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Tax evasion as ade facto vote of disapproval of PAC contributions

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  • Richard Cebula

Abstract

In this study, it is hypothesized that higher (rising) real PAC election campaign contributions may lead the public to increasingly distrust and resent politicians because of the perceived political influence that these contributions exercise. It is further hypothesized that to express that distrust and resentment, the public may make greater efforts to evade income taxation so as to deny tax revenues to the Treasury and “influence-peddling” politicians. Instrumenatal Variable (IV) estimates in first differences that allow for income tax rates, IRS audit rates, IRS penalty assessments on detected unreported income, and the public's dissatisfaction with government per se, find strong, albeit only preliminary, empirical evidence that tax evasion is an increasing function of real PAC election campaign contributions. Copyright International Atlantic Economic Society 2003

Suggested Citation

  • Richard Cebula, 2003. "Tax evasion as ade facto vote of disapproval of PAC contributions," Atlantic Economic Journal, Springer;International Atlantic Economic Society, vol. 31(4), pages 338-347, December.
  • Handle: RePEc:kap:atlecj:v:31:y:2003:i:4:p:338-347 DOI: 10.1007/BF02298492
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    References listed on IDEAS

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    1. Mukhtar Ali & H. Cecil & James Knoblett, 2001. "The effects of tax rates and enforcement policies on taxpayer compliance: A study of self-employed taxpayers," Atlantic Economic Journal, Springer;International Atlantic Economic Society, pages 186-202.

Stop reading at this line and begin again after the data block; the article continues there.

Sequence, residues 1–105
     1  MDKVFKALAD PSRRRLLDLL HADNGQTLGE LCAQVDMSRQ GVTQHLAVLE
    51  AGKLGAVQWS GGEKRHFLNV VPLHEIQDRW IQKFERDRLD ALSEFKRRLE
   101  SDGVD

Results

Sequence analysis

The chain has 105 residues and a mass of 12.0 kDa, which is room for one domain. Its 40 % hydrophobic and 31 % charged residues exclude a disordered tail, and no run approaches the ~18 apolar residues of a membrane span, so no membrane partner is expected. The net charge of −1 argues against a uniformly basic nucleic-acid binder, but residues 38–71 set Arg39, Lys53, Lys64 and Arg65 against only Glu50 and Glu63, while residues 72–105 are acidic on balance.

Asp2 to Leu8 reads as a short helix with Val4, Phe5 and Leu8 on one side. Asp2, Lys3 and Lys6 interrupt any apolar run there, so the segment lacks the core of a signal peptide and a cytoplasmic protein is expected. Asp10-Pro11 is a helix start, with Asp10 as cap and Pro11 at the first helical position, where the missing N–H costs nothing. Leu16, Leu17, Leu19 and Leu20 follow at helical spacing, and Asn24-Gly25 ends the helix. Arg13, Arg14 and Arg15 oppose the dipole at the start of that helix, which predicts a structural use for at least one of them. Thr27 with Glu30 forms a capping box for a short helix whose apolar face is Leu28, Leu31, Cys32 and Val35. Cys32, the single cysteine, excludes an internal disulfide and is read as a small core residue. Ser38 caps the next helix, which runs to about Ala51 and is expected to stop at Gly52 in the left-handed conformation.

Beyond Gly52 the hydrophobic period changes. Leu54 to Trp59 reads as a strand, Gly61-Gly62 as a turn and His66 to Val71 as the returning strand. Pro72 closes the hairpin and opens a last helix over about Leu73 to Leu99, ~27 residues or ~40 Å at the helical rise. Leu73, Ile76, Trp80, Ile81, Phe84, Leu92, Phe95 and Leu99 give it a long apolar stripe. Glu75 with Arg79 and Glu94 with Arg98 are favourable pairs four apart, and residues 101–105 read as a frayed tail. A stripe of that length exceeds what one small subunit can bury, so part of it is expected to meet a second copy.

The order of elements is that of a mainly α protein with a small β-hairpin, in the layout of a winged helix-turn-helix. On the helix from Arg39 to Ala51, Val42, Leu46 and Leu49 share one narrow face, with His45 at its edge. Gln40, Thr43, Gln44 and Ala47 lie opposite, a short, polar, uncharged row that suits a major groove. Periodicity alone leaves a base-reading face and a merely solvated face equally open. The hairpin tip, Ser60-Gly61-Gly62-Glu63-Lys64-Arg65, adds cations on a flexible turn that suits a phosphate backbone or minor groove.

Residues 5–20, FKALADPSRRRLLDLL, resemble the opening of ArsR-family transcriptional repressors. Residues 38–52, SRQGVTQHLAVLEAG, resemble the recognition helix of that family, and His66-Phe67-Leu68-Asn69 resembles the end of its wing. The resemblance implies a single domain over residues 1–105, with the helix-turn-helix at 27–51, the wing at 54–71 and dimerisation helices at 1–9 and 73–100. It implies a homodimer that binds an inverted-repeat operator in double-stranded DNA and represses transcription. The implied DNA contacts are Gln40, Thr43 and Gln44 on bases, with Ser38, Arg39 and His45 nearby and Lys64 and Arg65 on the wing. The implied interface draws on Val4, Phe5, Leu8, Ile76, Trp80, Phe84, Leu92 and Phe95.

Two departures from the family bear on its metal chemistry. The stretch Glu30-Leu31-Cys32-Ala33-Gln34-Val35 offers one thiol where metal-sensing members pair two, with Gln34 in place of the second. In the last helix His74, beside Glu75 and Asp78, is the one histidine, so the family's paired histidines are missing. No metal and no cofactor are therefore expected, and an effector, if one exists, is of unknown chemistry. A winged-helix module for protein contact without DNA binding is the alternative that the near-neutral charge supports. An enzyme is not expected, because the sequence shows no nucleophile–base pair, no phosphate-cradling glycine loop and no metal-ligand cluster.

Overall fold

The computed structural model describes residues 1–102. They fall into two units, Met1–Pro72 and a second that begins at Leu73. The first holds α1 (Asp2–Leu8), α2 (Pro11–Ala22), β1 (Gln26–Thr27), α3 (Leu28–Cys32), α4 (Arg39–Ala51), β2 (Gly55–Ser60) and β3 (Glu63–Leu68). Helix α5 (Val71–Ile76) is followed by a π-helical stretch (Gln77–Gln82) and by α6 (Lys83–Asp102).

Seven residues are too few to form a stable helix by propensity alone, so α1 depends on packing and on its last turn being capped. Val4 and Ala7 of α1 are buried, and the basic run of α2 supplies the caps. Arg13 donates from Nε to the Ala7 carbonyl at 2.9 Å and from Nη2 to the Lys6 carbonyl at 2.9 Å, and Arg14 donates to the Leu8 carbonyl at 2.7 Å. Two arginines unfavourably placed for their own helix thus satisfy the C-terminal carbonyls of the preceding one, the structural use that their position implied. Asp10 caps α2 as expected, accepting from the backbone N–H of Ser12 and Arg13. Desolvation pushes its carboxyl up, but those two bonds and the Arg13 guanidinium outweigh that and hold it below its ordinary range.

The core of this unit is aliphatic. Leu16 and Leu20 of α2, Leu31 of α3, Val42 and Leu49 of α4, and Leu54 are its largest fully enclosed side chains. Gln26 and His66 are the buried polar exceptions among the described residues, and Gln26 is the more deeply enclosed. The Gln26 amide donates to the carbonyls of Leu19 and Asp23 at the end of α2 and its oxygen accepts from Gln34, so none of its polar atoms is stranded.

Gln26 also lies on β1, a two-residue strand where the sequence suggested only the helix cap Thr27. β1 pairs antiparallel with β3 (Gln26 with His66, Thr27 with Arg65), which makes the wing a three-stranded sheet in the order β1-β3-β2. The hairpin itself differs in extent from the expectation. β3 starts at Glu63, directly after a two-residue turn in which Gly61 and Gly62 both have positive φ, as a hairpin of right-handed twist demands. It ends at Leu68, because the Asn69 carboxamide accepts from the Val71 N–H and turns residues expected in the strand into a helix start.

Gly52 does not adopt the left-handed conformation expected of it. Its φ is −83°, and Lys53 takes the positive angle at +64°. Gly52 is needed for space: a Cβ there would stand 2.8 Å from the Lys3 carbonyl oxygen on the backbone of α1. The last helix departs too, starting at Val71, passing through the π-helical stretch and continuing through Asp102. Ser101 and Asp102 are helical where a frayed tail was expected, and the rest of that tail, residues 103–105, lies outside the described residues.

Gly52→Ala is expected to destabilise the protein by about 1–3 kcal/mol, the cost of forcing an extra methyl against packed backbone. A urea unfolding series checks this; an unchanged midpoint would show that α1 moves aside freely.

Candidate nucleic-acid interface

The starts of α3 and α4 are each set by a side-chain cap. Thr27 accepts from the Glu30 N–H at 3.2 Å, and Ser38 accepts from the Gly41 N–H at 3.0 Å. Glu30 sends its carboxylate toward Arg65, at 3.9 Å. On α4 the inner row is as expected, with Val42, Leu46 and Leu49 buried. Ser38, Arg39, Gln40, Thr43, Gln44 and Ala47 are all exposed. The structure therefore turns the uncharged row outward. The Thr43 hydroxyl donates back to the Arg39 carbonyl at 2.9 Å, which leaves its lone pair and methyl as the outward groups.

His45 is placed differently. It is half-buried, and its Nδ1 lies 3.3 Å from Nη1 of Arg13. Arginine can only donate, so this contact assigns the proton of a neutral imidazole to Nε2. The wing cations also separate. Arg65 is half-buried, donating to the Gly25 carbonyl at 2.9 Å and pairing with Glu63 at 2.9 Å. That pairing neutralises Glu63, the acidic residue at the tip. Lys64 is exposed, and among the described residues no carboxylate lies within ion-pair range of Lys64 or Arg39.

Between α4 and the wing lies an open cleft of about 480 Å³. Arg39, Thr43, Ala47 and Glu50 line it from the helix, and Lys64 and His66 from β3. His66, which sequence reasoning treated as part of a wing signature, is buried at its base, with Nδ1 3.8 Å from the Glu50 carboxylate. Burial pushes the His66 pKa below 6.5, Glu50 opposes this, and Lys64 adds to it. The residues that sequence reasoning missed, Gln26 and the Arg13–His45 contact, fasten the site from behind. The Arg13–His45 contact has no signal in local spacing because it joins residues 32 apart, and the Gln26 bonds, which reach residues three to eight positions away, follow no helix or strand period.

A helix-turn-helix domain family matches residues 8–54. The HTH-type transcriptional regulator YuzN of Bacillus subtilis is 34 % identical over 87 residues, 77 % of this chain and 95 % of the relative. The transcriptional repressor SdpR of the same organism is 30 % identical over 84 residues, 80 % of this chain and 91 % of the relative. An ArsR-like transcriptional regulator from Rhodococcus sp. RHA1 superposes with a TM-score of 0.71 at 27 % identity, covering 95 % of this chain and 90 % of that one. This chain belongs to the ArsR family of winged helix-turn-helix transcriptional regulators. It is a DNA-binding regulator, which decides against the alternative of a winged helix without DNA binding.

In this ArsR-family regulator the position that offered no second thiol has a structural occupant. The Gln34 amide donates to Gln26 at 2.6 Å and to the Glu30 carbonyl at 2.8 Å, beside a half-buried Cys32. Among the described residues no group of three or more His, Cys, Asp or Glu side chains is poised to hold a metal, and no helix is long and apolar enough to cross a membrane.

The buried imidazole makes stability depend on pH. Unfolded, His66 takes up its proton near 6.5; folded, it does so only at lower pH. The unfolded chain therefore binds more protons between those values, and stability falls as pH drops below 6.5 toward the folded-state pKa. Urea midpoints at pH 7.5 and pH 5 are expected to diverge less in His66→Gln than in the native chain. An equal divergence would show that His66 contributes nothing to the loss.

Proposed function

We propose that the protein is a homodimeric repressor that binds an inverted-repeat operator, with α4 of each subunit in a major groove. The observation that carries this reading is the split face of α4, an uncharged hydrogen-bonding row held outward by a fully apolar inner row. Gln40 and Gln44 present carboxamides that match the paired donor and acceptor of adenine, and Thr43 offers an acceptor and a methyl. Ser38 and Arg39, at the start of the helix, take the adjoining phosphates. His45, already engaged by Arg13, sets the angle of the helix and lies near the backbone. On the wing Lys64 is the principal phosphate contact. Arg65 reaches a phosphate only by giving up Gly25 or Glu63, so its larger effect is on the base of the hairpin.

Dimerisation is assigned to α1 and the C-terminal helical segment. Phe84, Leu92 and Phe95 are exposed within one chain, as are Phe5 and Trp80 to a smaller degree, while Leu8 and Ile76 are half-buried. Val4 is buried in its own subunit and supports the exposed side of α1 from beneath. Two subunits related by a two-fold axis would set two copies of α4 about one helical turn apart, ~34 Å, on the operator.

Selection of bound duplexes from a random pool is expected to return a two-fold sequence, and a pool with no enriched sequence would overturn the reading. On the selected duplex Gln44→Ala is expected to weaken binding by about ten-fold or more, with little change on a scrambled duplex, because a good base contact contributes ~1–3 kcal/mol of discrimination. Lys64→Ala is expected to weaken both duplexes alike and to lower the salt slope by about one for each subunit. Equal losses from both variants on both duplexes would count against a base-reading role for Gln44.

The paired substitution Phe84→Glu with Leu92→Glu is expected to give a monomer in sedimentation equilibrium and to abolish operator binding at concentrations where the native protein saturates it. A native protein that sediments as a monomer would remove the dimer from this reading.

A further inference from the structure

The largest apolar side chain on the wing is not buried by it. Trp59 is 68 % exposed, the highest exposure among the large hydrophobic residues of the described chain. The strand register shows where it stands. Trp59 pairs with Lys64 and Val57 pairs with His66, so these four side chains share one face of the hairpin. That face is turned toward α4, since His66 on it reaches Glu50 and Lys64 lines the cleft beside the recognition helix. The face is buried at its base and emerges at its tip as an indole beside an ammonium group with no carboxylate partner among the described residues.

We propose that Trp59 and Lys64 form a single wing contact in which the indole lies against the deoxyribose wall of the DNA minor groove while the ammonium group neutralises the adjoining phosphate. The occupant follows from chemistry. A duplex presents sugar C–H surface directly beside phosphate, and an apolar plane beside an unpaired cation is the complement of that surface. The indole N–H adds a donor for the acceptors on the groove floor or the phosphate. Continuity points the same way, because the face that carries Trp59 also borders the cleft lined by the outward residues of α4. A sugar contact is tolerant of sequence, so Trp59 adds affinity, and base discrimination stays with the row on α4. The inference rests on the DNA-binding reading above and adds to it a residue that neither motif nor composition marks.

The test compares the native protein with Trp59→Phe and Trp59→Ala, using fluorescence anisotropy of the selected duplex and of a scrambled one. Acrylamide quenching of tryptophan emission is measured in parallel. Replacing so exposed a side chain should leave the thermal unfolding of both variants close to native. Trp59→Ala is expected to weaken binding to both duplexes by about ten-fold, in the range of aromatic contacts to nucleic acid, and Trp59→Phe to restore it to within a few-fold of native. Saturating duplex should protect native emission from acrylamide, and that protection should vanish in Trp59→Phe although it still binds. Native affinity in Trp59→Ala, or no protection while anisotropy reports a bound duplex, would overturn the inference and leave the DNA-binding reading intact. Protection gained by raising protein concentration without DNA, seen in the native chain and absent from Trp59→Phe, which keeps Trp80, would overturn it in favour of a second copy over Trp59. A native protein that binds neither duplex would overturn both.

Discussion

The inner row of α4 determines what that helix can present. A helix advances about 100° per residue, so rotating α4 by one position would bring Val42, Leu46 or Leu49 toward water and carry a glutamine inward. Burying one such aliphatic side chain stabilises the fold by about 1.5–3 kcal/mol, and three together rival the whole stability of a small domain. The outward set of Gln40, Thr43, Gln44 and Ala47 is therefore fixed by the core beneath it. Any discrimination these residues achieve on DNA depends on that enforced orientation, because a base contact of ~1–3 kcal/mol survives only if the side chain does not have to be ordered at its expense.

2. Alm, James & Jackson, Betty & McKee, Michael, 1992. "Institutional Uncertainty and Taxpayer Compliance," American Economic Review, American Economic Association, vol. 82(4), pages 1018-1026, September.
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    Cited by:

    1. Richard Cebula, 2005. "Strong Presidential Approval or Disapproval Influencing the Expected Benefits of Voting and the Voter Participation Rate," Atlantic Economic Journal, Springer;International Atlantic Economic Society, pages 159-167.
    2. Richard Cebula & Daniel Hulse, 2007. "The Poll Results Hypothesis," Atlantic Economic Journal, Springer;International Atlantic Economic Society, vol. 35(1), pages 33-41, March.
    3. Richard J. Cebula & Gordon Tullock, 2006. "An Extension of the Rational Voter Model," Chapters,in: The Elgar Companion to Public Economics, chapter 15 Edward Elgar Publishing.

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